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Australia - Electricity - Industry Market Overview

Attention: There is an updated edition available for this report.

The electricity industry is one of Australia’s largest industries, contributing 1.4% to Australia’s. The industry consists of generators, transmission and distribution networks and retailers. Over the ten years from 1999 to 2009, Australia’s electricity use increased at an average rate of 2.5% per year. In 2011 in some parts of the country electricity use has fallen for the first time ever.

The industry is now on the eve of its largest change ever, a full transformation similar to the transformation of the telecommunications industry that started 20 years ago. It is also one of the last industries to face digitalisation, which is essential to manage the pressures of energy savings, climate change and renewable energy policies. Underinvestment in the network meant that large investment increases were suddenly needed to upgrade the grid. Part of the problem here has been the lack of proper government policies and regulations that could have stimulated these investments. It was only in 2011 that the regulator admitted that there are problems that need to be addressed. In the meantime this situation has led to very steep increases in electricity prices, which is making customers far more vocal, and they will need better tools to manage their own energy use and carbon footprint. There is a significant absence of communication between the electricity companies and their customers and this has been aggravating the already difficult situation.

Already network investment plans worth over $10 billion have been approved by the companies involved.

All of this leads to developments around intelligent electricity infrastructure, or smart grids. These developments will bring with them enormous challenges, but untold new business opportunities as well.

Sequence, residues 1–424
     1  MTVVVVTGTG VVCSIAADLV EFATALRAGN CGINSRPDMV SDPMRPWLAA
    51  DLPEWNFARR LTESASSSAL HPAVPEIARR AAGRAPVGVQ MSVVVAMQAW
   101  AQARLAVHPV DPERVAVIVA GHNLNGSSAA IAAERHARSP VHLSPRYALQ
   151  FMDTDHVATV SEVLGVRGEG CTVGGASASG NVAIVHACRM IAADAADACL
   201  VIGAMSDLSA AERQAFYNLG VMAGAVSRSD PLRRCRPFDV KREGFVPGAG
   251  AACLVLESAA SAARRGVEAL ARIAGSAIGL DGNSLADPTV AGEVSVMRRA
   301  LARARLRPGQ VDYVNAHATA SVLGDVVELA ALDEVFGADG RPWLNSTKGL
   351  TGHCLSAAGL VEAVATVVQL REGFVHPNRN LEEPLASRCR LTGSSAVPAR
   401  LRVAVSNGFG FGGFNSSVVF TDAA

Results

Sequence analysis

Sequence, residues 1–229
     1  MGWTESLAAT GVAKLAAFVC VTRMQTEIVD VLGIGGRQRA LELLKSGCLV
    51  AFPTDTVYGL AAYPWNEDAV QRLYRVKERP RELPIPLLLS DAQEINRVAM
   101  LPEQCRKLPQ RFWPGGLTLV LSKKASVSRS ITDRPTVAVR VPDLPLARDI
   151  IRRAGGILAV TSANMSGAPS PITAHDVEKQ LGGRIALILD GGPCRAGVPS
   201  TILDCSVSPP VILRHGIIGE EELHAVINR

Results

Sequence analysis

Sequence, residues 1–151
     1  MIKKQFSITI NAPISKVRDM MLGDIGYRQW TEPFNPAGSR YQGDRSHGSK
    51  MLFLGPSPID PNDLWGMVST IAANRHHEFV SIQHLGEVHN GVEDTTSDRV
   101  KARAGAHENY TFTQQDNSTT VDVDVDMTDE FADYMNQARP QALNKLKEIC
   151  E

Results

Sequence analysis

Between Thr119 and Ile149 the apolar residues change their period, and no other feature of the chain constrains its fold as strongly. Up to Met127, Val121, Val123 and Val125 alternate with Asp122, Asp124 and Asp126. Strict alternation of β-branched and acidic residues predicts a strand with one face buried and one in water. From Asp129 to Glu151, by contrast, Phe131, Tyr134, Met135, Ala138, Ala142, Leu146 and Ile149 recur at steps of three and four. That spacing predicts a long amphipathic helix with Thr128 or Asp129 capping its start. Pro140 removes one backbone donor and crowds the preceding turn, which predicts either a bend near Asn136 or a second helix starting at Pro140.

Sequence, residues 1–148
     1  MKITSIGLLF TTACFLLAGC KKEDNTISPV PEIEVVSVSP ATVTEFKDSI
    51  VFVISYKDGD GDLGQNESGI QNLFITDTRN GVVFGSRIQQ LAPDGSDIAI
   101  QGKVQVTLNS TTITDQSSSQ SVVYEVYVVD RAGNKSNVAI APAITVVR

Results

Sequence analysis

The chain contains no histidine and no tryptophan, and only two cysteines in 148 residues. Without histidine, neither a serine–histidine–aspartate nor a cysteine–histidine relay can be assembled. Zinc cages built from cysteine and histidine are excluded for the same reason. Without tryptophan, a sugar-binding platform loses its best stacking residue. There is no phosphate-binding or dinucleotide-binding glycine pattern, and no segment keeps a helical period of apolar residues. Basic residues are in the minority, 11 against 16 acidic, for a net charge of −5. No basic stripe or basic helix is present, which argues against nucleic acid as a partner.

This report provides general background information and statistical information on the electricity utilities market and its regulatory environment. It also provides an overview of the telecoms activities of the utilities.

Companies covered in this report include:

Ausgrid (formerly Energy Australia), Endeavour Energy (formerly Integral Energy), Essential Energy (formerly Country Energy), CitiPower, Powercor, SP AusNet, UED, Powerlink, TransGrid, ElectraNet, Transend.

1. Synopsis
2. Australian Energy Market
2.1 Energy update 2011
2.2 Australia’s energy supply market 2011
2.3 Domestic energy consumption
2.4 Renewable Energy
2.5 Energy planning reports
3. Electricity Market
3.1 Introduction
3.2 Key facts and figures
3.3 Investment challenges
3.4 Industry analysis
3.5 Demand side participation
3.6 Fuel Poverty
4. Structure of the industry
4.1 National Electricity Market (NEM)
4.2 Generation
4.2.1 Generation ownership
4.2.2 Capacity
4.2.3 Electricity generation
4.2.4 Technology mix
4.2.5 Alternative generation investments
4.3 Distribution companies
4.3.1 Industry overview
4.3.2 Electricity network revenues
4.3.3 State of the Distribution Networks - Key Trends
4.3.4 Energy network investments 2011 - 2015
4.3.5 Regulatory investment hurdles
4.4 Energy Retail Market
5. Electricity prices
5.1 Introduction
5.2 Electricity charges to rise
5.2.1 Prices set to double by 2017
5.2.2 Consumer prices hardest hit
5.2.3 Wholesale prices going up
5.3 NUS Electricity Report and Cost Survey – 2010-2011
5.3.1 Developments in Australia
5.4 Electricity prices report from CME
5.4.1 Comment
6. Regulatory overview
6.1 Market deregulation
6.2 Regulatory developments
6.3 regulatory environment
6.4 Australian Energy Regulator
6.5 Victoria is driving the deregulated markets
6.6 The missing link - Grid Regulations
7. Industry investments
7.1 Financial considerations
7.2 Utilities need to expand
7.3 The emergence of gencos
8. Related reports
List of Tables and Exhibits
Table 1 - Energy related industries in Australia, 2008-09
Table 2 - National Electricity Market at a glance
Table 3 -Australian electricity generation by fuel, 2008-09
Table 2 - Vertical integration - energy retail and electricity generation, 2006-2011
Table 4 - Electricity distribution networks
Table 5 - Electricity transmission networks
Table 1 – Recent AER decisions – energy networks
Table 6 - Network investments over the 2011-2015 period
Table 7 - Active energy retailers - small customer market, October 2011
Table 8 - Where does household energy go?
Table 9- Survey of top 15 countries based on prices as of 1 June 2011
Exhibit 1 – Market deregulation in Australia

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